Hangouts on the desktop has always been a mess. First, there was the Chrome extension that always sits in your taskbar/menubar, with separate windows for every conversation. Later, Google released a Chrome app that looked (and functioned) much more like the Android app, with all of your conversations in one window. For some reason, both have remained on the Chrome Web Store.
Recently, Google announced that they will phase out Chrome apps, with Google recommending that existing apps be converted into extensions or Progressive Web Apps. The official Google Apps blog quietly announced today that an updated version of the old Hangouts extension will be available soon, with a user interface that looks almost identical to the current Chrome app (if the screenshot above is accurate). Read More
Forget video messaging, direct share, and whatever happened here. The most important update in Hangouts history finally happened and you're all here to witness it. The Master of Meh has come to Hangouts for Android and really wants you to know it's all okay. It's Shruggie! Yep, the latest update brings Google's greatest non-easter egg to the messaging screen in all its unconcerned glory. You're honor-bound to get the update immediately and begin showing just how unimportant things are to you, too. Read More
One thing has always annoyed me about Hangouts: there's no search option. How can you have a messaging service and not allow people to search through their conversations inside the service?! That's beyond comprehension. Of course there's a way to circumvent it by searching through chats in Gmail. But that neither was intuitive nor made sense unless you were familiar with the feature.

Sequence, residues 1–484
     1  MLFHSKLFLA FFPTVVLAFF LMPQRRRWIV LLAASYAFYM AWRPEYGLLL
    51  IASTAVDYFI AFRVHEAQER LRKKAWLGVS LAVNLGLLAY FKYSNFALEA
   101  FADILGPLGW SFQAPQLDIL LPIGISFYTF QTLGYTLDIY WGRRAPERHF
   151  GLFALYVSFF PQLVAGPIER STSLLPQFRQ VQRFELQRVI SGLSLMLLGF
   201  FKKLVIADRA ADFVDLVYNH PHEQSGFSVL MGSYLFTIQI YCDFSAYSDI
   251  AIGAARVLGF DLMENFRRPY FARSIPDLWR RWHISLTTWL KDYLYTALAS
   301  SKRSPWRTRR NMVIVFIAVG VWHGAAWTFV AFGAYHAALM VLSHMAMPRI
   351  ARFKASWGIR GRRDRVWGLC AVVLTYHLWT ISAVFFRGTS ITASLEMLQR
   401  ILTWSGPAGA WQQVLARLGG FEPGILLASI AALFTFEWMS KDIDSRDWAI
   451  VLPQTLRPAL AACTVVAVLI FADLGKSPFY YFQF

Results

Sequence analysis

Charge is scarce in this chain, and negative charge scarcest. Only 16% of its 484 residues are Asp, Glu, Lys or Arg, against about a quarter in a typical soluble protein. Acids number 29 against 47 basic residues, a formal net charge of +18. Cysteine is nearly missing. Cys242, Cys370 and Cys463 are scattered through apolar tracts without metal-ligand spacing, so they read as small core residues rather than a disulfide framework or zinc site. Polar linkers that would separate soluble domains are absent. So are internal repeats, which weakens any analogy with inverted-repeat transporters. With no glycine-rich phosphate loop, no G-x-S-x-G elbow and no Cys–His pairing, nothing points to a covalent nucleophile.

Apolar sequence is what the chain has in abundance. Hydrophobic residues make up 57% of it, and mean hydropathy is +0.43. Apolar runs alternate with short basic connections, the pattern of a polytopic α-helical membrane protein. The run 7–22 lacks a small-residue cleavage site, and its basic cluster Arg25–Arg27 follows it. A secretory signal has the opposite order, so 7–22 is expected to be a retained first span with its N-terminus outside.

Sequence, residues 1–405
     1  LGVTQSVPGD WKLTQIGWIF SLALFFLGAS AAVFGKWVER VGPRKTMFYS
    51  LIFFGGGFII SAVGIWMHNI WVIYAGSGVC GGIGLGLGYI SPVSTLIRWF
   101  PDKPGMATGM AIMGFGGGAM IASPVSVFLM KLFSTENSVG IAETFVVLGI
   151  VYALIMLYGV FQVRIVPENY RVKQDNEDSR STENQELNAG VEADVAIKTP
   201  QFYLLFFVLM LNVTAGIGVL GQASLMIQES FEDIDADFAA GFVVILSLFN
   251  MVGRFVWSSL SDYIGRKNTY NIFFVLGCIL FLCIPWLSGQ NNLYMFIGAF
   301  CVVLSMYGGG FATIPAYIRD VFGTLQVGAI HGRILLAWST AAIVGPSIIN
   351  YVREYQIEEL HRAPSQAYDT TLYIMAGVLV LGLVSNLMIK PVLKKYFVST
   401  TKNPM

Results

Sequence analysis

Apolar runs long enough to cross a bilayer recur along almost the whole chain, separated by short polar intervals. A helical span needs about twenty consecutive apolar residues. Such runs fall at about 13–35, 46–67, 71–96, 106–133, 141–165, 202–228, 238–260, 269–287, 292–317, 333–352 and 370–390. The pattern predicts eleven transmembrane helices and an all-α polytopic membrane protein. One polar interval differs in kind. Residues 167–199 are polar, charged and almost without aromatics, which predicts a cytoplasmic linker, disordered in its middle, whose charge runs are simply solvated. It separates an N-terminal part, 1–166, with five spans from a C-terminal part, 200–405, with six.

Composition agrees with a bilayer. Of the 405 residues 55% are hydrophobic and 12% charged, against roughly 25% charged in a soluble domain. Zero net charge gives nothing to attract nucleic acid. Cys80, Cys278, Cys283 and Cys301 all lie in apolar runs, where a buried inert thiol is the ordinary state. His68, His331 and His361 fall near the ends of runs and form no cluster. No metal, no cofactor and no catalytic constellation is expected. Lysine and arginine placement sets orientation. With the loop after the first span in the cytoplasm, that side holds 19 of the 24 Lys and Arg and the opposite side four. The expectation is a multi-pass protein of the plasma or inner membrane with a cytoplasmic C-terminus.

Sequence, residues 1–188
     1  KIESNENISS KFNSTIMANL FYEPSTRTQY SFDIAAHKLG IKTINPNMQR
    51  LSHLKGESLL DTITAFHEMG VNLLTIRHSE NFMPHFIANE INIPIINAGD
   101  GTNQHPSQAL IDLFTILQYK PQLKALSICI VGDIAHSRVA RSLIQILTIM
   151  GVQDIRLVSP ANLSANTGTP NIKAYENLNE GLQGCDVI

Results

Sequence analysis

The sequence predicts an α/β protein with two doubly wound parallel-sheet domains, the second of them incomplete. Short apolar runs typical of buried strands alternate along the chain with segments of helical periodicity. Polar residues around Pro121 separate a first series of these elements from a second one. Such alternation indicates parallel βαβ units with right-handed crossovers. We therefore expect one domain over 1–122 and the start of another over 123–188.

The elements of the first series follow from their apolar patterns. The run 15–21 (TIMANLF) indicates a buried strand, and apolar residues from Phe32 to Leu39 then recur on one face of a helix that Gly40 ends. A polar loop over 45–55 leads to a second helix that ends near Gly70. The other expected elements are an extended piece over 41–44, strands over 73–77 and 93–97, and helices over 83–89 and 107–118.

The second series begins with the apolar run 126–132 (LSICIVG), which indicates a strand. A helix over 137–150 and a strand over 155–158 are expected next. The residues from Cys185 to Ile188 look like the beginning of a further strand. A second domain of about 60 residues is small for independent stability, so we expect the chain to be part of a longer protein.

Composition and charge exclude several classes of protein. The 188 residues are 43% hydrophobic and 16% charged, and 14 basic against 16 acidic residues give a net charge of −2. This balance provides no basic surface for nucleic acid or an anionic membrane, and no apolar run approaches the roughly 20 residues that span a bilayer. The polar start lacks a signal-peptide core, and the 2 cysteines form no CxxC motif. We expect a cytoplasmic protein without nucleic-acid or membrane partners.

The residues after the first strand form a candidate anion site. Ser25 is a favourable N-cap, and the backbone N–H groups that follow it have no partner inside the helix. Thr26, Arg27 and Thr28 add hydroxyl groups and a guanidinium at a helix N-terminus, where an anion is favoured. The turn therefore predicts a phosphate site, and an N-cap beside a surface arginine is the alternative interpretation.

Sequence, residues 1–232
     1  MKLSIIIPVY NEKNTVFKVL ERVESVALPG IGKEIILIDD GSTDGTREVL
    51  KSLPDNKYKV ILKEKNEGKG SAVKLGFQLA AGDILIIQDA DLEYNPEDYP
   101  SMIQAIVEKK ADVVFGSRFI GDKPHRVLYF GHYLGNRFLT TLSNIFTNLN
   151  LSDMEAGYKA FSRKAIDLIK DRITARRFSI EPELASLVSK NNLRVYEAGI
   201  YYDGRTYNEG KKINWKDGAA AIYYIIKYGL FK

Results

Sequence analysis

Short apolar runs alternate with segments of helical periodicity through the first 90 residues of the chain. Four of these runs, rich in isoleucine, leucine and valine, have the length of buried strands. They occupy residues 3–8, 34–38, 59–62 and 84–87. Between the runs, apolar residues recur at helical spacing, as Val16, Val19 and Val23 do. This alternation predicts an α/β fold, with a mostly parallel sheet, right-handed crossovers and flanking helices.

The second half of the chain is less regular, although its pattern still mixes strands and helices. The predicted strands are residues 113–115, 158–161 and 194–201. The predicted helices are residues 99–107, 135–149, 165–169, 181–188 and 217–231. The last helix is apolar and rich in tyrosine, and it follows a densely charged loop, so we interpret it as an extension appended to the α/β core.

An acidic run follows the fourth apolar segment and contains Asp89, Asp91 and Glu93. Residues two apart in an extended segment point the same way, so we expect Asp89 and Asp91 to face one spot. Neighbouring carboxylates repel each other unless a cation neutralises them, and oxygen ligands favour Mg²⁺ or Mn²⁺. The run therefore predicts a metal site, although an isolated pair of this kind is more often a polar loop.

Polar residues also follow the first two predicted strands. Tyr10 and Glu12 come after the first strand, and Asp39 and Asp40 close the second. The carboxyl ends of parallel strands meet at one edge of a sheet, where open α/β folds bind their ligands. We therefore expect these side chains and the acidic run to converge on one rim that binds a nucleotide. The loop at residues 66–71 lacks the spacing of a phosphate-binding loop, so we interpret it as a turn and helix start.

According to screenshots we've received from a test preview version of Allo, Google's new messaging app doesn't suffer from that silly limitation. Search is well implemented and it's universal throughout the app. There's a search icon on the top right of the main screen that lets you look for a contact/group's name (in case you have lots of chats and need to quickly find a specific person/group) or any word(s) inside a chat. Read More
Just a few hours ago, Google started the rollout for the first of its two new messaging apps, Duo. For me and some of us here, the Play Store listing still shows "Pre-Registration," but this is the typical Google way. As a refresher, Google is releasing the dynamic messaging duo (ha) to compete in this mobile-first market. Both the text-based Allo and the video-based Duo will be tied to a phone number instead of a Google account. This, obviously, directly contests with Hangouts, Google's all-in-one messaging platform, and is more in line with services like WhatsApp.
Earlier, Google announced that they would be transitioning Hangouts On Air into YouTube Live, separating the feature from Google+. Read More
Coming as an inevitable surprise to no one, Google has announced today that Hangouts On Air will be leaving Google+ and moving to YouTube Live. All future broadcasts will need to be scheduled in YouTube Live, and events in Google+ will shut down after the hard date of September 12.
Google says that recorded Hangouts On Air will still be available on YouTube, and that Google+ event content will be available in read-only format in the Activity Log.
In regards to Q&A, Google's suggestion to broadcasters is to use Slides, which has the same feature, in conjunction with broadcasts. The company also suggests that questions are gathered ahead of time via social media. Read More
We've been expecting some changes to SMS functionality in Hangouts for some time, especially after Google started pushing Messenger as an SMS alternative inside Hangouts. As of Hangouts v11, it looks like the other shoe has dropped. This version of the app removes merged conversations as an option. Read More
Today at I/O 2016, Google announced two new messaging and communication apps: Allo, a messaging app which hooks into your phone number, and Duo, a video calling app. You might assume that means Hangouts would be quietly canned (or as quietly as possible, anyway), right? Not so.
Google has confirmed to Android Police that the company will continue to invest in Hangouts and it will remain a separate product. In a way, this does make sense: as Allo requires a phone number, it might be aimed as a WhatsApp competitor, while Hangouts remains as a Facebook Messenger competitor. On the other hand, would it not be better to have one singular product focused on messaging? Read More